An interesting study demonstrated that mianserin was an inhibitor of endosomal TLRs and reduced the endosomal TLR-mediated IL-6 and TNF-α from RA patient synovial explants [58]. Mianserin is a serotonin antagonist used for depression. It is of major interest that two licenced selective serotonin inhibitors fluoxetine and citalopram ameliorated the severity of disease in the collagen-induced arthritis model and that these antidepressants also reduced IL-6 and TNF-α levels in RA synovial explants. Their mechanism of action was via inhibition of TLR signalling [59]. Enzyme blockade so that hyaluron is not cleaved to its inflammatory mediator low-molecular-mass hyaluron is also a therapeutic option [38]. S100A9 has been suggested to be a target of laquinimod, a drug under evaluation in multiple sclerosis (MS).

Thus therapeutic modulation of TLR signalling through the use of serotonin antagonists may be one therapeutic in DAMP-mediated RA.

The adjuvant potential of all DAMPs has a broader significance in general and may be harnessed in development of new vaccines against microbial pathogens due to their rather potent adjuvant effects.

DAMPs AS BIOMARKERS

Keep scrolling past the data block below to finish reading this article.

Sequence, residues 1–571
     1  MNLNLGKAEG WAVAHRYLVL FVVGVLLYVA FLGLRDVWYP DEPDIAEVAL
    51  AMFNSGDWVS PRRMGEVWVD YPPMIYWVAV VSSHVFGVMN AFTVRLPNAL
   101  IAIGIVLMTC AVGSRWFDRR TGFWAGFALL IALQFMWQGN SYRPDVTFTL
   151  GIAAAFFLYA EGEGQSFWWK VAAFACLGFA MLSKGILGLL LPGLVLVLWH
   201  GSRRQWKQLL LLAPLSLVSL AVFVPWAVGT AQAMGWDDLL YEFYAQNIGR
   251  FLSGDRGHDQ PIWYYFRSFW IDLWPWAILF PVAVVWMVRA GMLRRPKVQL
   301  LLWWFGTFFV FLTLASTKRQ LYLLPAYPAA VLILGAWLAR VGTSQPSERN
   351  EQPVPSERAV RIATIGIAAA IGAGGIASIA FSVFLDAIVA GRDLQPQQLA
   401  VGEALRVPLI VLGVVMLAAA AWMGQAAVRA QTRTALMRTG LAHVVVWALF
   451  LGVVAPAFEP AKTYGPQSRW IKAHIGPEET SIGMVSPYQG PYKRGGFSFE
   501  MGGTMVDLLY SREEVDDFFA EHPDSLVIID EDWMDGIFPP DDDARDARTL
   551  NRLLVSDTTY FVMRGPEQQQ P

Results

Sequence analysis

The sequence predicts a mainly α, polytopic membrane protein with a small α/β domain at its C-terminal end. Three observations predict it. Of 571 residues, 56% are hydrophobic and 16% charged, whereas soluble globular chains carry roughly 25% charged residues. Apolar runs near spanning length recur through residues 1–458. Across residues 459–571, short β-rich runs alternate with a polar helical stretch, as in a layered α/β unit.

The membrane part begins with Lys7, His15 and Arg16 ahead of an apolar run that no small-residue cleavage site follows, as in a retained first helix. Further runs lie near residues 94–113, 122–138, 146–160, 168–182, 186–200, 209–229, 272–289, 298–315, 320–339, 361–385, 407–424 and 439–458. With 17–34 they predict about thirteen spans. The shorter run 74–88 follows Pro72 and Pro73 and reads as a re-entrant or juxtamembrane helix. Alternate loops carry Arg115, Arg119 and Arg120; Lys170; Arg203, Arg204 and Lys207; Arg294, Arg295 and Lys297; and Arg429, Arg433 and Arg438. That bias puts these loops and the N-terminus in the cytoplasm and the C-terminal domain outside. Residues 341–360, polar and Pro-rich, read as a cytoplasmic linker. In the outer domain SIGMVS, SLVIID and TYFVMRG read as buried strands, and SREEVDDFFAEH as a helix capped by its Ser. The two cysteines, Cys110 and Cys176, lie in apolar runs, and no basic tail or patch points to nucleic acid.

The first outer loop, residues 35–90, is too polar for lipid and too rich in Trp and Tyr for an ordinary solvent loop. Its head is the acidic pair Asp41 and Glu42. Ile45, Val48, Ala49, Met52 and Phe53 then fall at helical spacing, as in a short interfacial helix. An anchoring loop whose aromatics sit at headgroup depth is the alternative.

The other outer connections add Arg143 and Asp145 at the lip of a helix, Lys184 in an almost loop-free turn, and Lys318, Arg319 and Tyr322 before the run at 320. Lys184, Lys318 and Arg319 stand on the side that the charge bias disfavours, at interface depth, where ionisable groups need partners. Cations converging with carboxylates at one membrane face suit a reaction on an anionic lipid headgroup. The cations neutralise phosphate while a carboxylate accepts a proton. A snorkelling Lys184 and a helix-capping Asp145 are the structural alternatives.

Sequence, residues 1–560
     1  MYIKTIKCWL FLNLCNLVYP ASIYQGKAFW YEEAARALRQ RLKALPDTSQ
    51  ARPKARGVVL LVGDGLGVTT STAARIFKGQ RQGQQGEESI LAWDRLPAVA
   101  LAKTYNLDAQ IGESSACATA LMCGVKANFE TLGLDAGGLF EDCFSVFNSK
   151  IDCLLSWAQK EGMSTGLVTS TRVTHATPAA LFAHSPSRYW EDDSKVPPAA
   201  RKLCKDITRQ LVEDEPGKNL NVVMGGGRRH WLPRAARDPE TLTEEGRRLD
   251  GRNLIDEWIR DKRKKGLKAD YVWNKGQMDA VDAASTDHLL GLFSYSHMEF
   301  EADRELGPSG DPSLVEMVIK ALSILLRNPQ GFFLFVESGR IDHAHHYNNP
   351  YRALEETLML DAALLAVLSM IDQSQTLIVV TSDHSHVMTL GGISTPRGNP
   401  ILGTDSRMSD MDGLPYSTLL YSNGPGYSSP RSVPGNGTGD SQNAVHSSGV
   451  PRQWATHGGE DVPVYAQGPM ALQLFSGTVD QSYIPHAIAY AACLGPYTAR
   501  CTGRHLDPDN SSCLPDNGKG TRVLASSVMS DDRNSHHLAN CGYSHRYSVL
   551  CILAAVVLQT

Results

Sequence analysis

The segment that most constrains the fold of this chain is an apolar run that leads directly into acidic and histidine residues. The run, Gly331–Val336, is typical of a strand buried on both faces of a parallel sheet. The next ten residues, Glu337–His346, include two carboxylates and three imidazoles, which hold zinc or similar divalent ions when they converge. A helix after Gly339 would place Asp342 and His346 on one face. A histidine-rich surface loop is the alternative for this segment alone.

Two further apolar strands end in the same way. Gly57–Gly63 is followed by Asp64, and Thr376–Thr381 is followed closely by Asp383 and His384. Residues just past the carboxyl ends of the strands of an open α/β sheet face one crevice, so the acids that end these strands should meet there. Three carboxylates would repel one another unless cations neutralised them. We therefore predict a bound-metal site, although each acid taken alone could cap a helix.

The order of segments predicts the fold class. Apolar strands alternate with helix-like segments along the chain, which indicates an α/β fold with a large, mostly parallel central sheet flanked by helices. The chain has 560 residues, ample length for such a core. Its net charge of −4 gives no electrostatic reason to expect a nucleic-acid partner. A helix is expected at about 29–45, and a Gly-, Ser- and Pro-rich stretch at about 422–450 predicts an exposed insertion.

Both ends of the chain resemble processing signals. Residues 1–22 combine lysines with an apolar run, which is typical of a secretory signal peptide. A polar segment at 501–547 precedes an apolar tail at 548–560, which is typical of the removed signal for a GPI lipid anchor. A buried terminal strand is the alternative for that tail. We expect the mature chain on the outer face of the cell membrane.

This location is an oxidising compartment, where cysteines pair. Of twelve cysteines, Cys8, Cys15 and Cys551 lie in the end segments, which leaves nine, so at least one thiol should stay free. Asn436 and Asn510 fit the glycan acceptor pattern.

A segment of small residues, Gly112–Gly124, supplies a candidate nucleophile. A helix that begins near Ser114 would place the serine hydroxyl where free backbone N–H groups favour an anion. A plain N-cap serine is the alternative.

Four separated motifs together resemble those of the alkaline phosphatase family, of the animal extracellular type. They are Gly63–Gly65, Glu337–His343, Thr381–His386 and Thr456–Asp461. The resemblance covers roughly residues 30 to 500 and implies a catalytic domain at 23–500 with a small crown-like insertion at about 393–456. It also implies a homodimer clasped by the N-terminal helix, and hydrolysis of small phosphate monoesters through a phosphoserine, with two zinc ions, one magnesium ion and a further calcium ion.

Clinically useful biomarkers can be diagnostic, prognostic or predict response to treatment and many studies have sought to identify them in various rheumatic diseases. Given the fact that autoantibodies, such as ACPA, can be present years before onset of disease symptoms in RA and systemic autoimmunity precedes synovitis this suggest other factors may be driving the pathogenesis [60]. DAMPs can be readily measured in serum with conventional methods and this could be ‘scaled up’ for larger laboratories. HMGB-1 has been shown to be an important DAMP in RA and SLE and has been shown to be associated with disease activity [12]. This indicates that HMGB-1 could be a biomarker that may be prognostic and predict response to treatment; however, this needs further clarification. S100 proteins also appear to be specific biomarkers in RA and psoriatic arthritis [23]. Early treatment in RA is critical in halting disease progression and hence identifying a specific biomarker before synovitis would be of great importance. In diseases such as SSc, a robust biomarker would be of importance especially where it could diagnose clinically silent pulmonary hypertension enabling early intervention. Although many biomarkers have been suggested in autoimmune rheumatic diseases very few are used routinely and few have been extensively validated. Further validation of DAMPs as biomarkers in rheumatic diseases is necessary before these can be used to aid clinical management.